Many people believe themselves to be multitasking masters; however, our brains were not build to multitask. Is this the brief?
Human multitasking is the practice of doing multiple things simultaneously, for instance, taking a phone call, or listening to your GPS while driving. This concept of multitasking began in a computing context. Moreover, we live in a fast-paced world where we feel tempted to multitask all the time, whether it is while performing a task at work, driving your kids to school, or watching TV. So, in today’s society, the mere idea of doing one thing at a time seems downright outrageous, even wasteful. Although multitasking is generally looked at to be a positive concept done by those who are most skilled and can complete different tasks at the same time, is it truly beneficial? Let’s find out!
First of all, some believe that multitasking makes them more productive; however, multitasking kills the performance of people and results in potential brain damage. According to a research done at Stanford University, multitasking lowers the productivity of workers that choose to do it, when compared to the ones that choose to complete a single task at a time. It also proves that our brains are only capable of focusing on one thing at a time, it cannot perform multiple tasks at the same time successfully. Bombarding our brains with excessive information only increases mistakes and slows it down (Bradberry, 2014).
Furthermore, some claim that they have a gift at multitasking; nonetheless, when they think they are multitasking successfully, their brains are actually switching from one task to another at a high speed, with a cost to bear when doing so. To prove that more than one task splits the brain, scientists throughout the years have conducted experiments to discover the limitations of the human brain.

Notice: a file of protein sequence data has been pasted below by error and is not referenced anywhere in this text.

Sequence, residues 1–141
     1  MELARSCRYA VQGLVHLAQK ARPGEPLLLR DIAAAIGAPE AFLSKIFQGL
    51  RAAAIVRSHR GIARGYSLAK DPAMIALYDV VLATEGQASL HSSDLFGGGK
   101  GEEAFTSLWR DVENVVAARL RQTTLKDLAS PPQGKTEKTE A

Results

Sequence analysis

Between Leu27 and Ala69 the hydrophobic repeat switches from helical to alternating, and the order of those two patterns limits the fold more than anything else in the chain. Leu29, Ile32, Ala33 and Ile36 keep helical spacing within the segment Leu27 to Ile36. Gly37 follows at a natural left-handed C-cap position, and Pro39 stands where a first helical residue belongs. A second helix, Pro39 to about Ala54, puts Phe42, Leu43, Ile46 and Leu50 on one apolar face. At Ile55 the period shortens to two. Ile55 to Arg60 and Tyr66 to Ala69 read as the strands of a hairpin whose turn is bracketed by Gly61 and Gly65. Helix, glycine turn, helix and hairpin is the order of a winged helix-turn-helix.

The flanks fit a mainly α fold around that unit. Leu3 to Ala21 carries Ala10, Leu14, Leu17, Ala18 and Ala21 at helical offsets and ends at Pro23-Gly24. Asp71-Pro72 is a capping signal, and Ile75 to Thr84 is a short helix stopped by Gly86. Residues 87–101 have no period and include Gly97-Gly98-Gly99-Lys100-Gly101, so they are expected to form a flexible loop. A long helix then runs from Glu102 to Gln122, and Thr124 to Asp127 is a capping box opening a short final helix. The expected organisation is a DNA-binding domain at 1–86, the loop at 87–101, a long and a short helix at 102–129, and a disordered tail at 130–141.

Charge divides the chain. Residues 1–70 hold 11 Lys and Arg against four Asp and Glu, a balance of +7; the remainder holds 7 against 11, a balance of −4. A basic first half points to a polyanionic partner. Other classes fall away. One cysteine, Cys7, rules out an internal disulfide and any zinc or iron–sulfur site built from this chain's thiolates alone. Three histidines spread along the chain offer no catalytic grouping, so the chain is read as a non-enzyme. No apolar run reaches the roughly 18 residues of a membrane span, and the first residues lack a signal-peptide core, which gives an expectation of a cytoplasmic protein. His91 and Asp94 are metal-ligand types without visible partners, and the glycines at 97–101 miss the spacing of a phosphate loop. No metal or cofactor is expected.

When paying attention, the area toward the front of the brain, known as the prefrontal cortex, takes action. The prefrontal cortex is divided into two parts, the right and left sides. The two sides work together when given one task; however, the sides work separately when humans try to perform more than one task at a time.
Scientists at the Institut National de la Santé et de la Recherche Médicale (INSERM) in Paris, proved this to be true by conducting a simple experiment that includes asking multiple participants to complete two tasks. The study’s results show that when dealing with concurrent goals, the brain divides in half. In addition, the study proves that although humans have trouble doing two tasks, they are unable to juggle three or more because the brain has only two frontal lobes, the right and left sides (Allen, 2013). Moreover, a person’s ability to perform the different tasks also highly depends on the tasks being performed and how much the prefrontal cortex is engaged during the tasks. For instance, normal activities like eating and watching TV at the same time place less demand on the brain, than more difficult activities like reading and driving.
Additionally, multitasking does not just negatively affect our work quality and performance but also affects our health. A study conducted by the University of London proves that students who multitask experienced significant IQ drops. The scary part is that those IQ drops were found to be similar to drops resulting from smoking marijuana. Alongside IQ drops, multitasking increases the production of cortisol, the stress hormone, since having to do multiple tasks at once keeps a person on edge and intense.
In conclusion, multitasking allows progress on multiple tasks and helps us learn to deal with distractions, but on the other hand, trying to accomplish too much at once affects our ability to do those tasks well. Arranging your tasks and choosing to accomplish them once at a time will enable you to perform each task better than choosing to do them all at once. For instance, talking on the phone while driving will result in you paying less attention to the person you are talking to and to the cars around you.